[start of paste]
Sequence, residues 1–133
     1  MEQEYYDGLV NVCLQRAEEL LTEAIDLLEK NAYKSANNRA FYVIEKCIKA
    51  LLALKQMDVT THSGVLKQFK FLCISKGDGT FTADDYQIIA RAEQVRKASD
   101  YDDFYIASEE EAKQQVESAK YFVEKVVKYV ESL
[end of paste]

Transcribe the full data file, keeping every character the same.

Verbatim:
Sequence, residues 1–133
     1  MEQEYYDGLV NVCLQRAEEL LTEAIDLLEK NAYKSANNRA FYVIEKCIKA
    51  LLALKQMDVT THSGVLKQFK FLCISKGDGT FTADDYQIIA RAEQVRKASD
   101  YDDFYIASEE EAKQQVESAK YFVEKVVKYV ESL